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Oliphant K Scott

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9 of 12 people found the following review helpful
5.0 out of 5 stars Emmanuel: The Revelation of the Character of God 27 Nov 2011
By Mike Robinson - Published on Amazon.com
Format:Paperback
When Cornelius Van Til retired as an apologetics professor over 30 years ago, he and his apologetic method took a lot of criticism. While he was often touted by an erudite guard of academic supporters, effusing about his supreme and most biblical apologetic method, the feeling for many was: where's the argument?

But with Greg Bahnsen's potent entry as Van Til's finest advocate--this innovative method was no longer so quickly and mistakenly dismissed. You may or may not choose to be a presuppositionalist, but Van Til's contemporary admirers have shown that it's an effective way to defend the truth, a way to win debates, and, at times, an intellectual dynamism that produces outstanding books. Many of these books advocate an apologetic built and centered on Christian theology.

To these recognized distinctions, it is time to add one more: K. Scott Oliphint's "God with Us: Divine Condescension and the Attributes of God."

Herein the reader discovers a powerful theological and apologetic resource built upon Christian philosophy in service to biblical doctrine. Professor Oliphint winsomely discusses God's ontology as the One who is wholly independent (His aseity) as the infinite omnipotent being. Oliphint offers outstanding explication concerning God's essential attributes and how the mysteries therein are answered in the person of Jesus Christ: the incarnation of the God who spoke to Moses at the Burning Bush (Exodus 3).

The author discusses essentialism in relation to God's non-essential attributes: "Is it possible that God not create anything? The orthodox answer to this question is, of course, yes. To answer no would mean that God had to create the world, in which case there is no possible world in which God is not the Creator, and, therefore, the creation of the world would itself be necessary property of God's. But then God would have a necessary property (1) was not entailed by his own independence (since the necessity of God's creative activity would entail a dependence on something besides God) and (2) implied some kind of lack in God (since the necessity of something ad extra would mean that God was in need of it in order to be who he essentially is). So `being Creator' is not an essential property that God has."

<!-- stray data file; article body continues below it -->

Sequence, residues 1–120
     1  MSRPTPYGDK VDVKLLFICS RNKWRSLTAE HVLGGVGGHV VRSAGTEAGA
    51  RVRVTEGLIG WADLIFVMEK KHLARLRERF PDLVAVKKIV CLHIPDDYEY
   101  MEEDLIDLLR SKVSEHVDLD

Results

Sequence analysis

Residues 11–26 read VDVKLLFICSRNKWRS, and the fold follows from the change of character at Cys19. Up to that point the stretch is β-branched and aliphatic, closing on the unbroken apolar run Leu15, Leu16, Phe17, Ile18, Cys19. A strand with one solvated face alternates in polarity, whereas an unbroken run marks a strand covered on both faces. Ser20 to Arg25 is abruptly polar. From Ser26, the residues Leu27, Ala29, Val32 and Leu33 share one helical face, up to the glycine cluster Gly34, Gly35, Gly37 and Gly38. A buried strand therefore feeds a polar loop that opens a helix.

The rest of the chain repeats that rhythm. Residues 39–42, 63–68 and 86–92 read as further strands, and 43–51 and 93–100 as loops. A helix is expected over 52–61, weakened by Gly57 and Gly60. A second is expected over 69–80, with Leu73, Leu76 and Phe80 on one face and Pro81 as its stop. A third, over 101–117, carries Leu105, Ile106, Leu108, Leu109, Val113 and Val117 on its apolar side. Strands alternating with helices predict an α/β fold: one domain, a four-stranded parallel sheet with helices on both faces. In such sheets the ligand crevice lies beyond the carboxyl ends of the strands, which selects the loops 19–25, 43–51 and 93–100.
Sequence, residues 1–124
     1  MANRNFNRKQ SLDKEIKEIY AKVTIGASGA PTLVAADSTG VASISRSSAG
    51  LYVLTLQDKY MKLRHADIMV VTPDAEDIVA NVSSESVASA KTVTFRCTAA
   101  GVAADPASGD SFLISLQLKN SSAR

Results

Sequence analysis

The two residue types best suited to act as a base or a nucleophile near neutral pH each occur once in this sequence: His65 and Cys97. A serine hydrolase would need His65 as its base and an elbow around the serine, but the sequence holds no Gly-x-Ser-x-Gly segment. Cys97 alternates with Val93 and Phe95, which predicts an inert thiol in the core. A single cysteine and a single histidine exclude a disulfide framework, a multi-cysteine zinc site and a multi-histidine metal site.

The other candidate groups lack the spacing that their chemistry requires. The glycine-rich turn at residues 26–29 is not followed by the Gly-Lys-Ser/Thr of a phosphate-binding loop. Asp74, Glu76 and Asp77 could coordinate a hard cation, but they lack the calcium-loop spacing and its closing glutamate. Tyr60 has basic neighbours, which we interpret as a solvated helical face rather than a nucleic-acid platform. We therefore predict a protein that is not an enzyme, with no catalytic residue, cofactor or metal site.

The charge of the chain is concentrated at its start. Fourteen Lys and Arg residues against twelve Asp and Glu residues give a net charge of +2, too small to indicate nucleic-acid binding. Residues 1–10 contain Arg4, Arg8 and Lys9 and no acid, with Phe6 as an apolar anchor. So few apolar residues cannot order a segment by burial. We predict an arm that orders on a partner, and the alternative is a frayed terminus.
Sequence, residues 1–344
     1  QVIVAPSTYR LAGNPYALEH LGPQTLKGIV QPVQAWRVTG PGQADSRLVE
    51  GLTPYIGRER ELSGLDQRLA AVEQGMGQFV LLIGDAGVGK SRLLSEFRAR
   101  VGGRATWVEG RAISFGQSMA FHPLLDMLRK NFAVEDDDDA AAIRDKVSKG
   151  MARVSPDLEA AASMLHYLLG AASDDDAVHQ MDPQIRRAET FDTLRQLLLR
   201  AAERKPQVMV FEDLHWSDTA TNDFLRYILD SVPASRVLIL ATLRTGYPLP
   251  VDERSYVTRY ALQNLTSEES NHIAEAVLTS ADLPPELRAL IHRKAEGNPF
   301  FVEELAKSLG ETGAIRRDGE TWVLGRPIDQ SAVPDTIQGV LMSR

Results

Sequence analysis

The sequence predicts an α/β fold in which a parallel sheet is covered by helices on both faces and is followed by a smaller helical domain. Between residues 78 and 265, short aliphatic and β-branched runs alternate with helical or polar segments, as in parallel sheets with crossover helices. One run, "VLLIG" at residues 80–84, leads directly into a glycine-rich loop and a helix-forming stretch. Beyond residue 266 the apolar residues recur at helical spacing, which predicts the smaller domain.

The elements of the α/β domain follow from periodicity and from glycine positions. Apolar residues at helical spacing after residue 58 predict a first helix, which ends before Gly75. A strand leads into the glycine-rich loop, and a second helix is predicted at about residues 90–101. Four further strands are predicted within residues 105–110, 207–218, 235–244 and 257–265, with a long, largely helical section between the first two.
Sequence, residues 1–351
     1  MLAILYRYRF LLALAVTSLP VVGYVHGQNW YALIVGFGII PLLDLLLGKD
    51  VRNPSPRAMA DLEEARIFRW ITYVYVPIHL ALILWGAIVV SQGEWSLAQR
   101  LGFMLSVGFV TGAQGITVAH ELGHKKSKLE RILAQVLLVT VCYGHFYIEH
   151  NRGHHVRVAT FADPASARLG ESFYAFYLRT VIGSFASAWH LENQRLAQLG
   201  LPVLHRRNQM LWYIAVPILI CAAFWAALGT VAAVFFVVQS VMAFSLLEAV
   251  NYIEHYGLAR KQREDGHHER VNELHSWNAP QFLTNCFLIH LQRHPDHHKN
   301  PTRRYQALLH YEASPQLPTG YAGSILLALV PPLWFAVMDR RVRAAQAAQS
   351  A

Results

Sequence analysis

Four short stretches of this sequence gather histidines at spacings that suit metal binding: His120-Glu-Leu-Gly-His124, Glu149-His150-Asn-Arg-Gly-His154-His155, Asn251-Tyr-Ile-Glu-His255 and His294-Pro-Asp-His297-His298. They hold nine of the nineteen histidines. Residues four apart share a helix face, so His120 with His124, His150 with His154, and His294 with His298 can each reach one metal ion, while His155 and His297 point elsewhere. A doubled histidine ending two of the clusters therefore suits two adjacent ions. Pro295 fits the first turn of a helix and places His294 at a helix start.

Oliphint concentrates much of this volume on the revelation of Jesus Christ disclosing to His people God's character and His covenantal relation to them. The discussion concerning God's attributes utilizing Muller, Turretin, and Bavinck make this an important resource for the minister, apologist, theologian, and student. God's ontic stature revealed to men is the foundation for a suitable epistemic standing as one learns that epistemology necessarily relates to ontology.

"It would not be an overstatement to say that the way to a proper understanding of God and his character is given foremost in a proper understanding of the Son Of God come in the flesh, Jesus Christ" (p. 10).

The author opines regarding an aspect of the Creator/Creature distinction: "This should not be surprising, though it is tragic. It is the temptation par excellence for man to see himself as more exalted, or at least to desire such a thing, all the while seeking to place God on a par with his human creatures. The temptation, "You will be like God," was the undoing of humanity, and its infection continues to spread through human hearts in the course of history" (p. 12).

One of Professor Oliphint's aims: "I hope to avoid that temptation in this book. Assumed throughout will be the bedrock truth of God's essential character interests with ours. He is God, and we are not. He is God and there is no other. His ways are not our ways and his thoughts are not our thoughts. (Isa. 55:9) His judgements are unsearchable and his ways inscrutable. No one has known the mind of the Lord, and no one has become his counselor. He is no man's debtor" (p. 12).